Prior to RRA 90, a corporation generally recognized gain on the sale or distribution of appreciated property unless it distributed stock of a subsidiary that was at least 80% controlled. A distribution of this kind normally triggered no taxable gain due to Code Sec. 355. The new law provides that a corporation distributing stock of a subsidiary is taxable on the appreciation in that stock if, immediately after the distribution, a shareholder holds a 50% or greater interest in the stock of either corporation and that interest is attributable to stock acquired by a purchase within five years before the distribution. In determining stock ownership, attribution and other rules apply. In such a transaction the shareholder would still get nonrecognition treatment. These rules apply to distributions of stock after October 9, 1990, but stock acquired by purchase prior to October 10, 1990 is not counted in applying the 50% test.
Cancellation of Indebtedness Income
The new law makes it clear that cancellation of indebtedness income (COD) on a debt-for-debt exchange is equal to the difference between the adjusted issue price of the old debt and the issue price of the new debt. The rule that provided that the issue price of the new obligation was treated as no less than the adjusted issue price of the old debt instrument was repealed by RRA 90. This will generally create COD income to the debtor on the exchange, as well as original issue discount on the new debt. Also under the new law, issuance of certain stock by a bankrupt or insolvent company to retire debt may result in COD income,
More Original Issue Discount Regulations Forthcoming
RRA 90 requires that regulations be issued mandating the use of the economic accrual method in determining original issue discount (OID) for certain preferred stock that is issued with an unreasonably high redemption premium. The redemption premium is the excess of redemption price over issue price. Stock is deemed to have a redemption premium subject to economic accrual if the stated redemption price at maturity exceeds the issue price by an amount greater than or equal to one quarter of 1% of the stated redemption price at maturity, multiplied by the number of years to maturity. This provision is generally effective for stock issued after October 9, 1990.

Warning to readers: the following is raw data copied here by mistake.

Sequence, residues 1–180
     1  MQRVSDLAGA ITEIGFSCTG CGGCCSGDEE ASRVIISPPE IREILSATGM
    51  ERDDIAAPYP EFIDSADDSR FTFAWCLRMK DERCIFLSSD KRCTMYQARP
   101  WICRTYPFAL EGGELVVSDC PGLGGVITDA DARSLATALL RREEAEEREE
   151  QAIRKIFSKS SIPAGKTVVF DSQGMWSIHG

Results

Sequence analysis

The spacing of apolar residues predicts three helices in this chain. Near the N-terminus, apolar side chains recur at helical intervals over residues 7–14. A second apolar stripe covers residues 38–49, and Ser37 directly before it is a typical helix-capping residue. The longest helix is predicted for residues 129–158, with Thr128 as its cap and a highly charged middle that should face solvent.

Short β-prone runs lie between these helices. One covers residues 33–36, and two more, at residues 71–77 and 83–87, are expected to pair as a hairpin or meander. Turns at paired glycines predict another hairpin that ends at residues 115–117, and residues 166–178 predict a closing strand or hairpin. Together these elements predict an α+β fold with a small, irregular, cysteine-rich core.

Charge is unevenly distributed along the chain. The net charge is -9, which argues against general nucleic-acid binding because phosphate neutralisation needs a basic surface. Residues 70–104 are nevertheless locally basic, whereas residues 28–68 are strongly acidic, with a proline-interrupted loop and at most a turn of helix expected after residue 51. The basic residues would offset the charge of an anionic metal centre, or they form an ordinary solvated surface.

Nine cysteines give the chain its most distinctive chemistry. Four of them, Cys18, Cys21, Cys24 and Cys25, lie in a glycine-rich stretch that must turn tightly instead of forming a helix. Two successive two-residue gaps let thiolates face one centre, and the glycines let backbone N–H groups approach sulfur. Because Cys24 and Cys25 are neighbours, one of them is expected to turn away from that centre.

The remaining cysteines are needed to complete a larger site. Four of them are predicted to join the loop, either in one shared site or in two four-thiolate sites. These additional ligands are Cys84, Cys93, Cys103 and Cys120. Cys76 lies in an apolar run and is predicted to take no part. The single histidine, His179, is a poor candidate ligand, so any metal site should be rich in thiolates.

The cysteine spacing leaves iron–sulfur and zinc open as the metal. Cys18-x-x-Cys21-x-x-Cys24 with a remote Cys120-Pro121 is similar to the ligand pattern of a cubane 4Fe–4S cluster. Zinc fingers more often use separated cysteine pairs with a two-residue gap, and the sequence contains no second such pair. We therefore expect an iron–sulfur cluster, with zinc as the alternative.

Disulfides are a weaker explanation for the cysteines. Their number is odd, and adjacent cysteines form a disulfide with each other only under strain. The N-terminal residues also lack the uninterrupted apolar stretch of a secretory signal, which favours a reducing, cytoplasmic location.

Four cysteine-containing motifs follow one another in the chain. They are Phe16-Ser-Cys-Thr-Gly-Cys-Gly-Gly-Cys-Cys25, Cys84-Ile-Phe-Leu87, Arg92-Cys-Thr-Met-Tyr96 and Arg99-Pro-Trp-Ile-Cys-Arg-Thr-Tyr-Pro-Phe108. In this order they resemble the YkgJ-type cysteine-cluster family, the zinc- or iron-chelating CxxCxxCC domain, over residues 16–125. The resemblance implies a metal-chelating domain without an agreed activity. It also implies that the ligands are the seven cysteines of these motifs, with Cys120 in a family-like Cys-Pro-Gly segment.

Sale of Business-Extended Reporting Requirements
Reporting requirements have been expanded to provide that when a seller and buyer sign any written agreement allocating the price among assets, both parties must report values on their tax returns consistent with the agreement. Any person who transfers an interest in an entity in which he or she owns at least 10% (in value) and enters into a covenant not to compete, an employment contract, or other like agreement is now subject to reporting requirements. RRA 90 clarifies that stock acquisitions treated as asset acquisitions under Sec. 338(h)(10) are not subject to the Sec. 1060 reporting requirements. However, where a Sec. 338(h)(10) election is made, the new law provides that regulations can require that information be furnished regarding goodwill, going concern value and other assets. These rules apply to any acquisition made after october 9, 1990, with an exception for written binding contracts on that date.
INSURANCE COMPANIES ARE HARD HIT
In this round of tax negotiations, insurance companies were harder hit than most other industries. Effective September 30, 1990, they are required to capitalize and amortize policy acquisition costs based on a percentage of net first year and renewal premiums. The first $5 million of amortizable policy expenses (other than those related to reinsurance contracts) may be amortized over 60 months. All others will be amortized on a straight-line basis over 120 months beginning with the first month of the second half of the taxable year. The amount qualifying for 60- month amortization is reduced dollar-for-dollar to the extent the total of such expenditures exceeds $10 million.